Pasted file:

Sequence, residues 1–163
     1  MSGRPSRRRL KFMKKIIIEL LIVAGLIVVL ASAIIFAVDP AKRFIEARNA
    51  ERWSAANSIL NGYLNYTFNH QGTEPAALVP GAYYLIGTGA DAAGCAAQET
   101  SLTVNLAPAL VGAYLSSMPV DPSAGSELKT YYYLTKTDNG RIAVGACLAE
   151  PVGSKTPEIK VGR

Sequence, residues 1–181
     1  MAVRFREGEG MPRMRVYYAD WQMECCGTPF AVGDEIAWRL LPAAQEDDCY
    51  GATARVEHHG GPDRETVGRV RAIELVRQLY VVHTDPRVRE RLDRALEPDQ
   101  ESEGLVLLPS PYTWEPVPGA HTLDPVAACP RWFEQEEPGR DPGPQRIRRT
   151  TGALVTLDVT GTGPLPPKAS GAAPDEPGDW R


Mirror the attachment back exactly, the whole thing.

Sequence, residues 1–163
     1  MSGRPSRRRL KFMKKIIIEL LIVAGLIVVL ASAIIFAVDP AKRFIEARNA
    51  ERWSAANSIL NGYLNYTFNH QGTEPAALVP GAYYLIGTGA DAAGCAAQET
   101  SLTVNLAPAL VGAYLSSMPV DPSAGSELKT YYYLTKTDNG RIAVGACLAE
   151  PVGSKTPEIK VGR

Sequence, residues 1–181
     1  MAVRFREGEG MPRMRVYYAD WQMECCGTPF AVGDEIAWRL LPAAQEDDCY
    51  GATARVEHHG GPDRETVGRV RAIELVRQLY VVHTDPRVRE RLDRALEPDQ
   101  ESEGLVLLPS PYTWEPVPGA HTLDPVAACP RWFEQEEPGR DPGPQRIRRT
   151  TGALVTLDVT GTGPLPPKAS GAAPDEPGDW R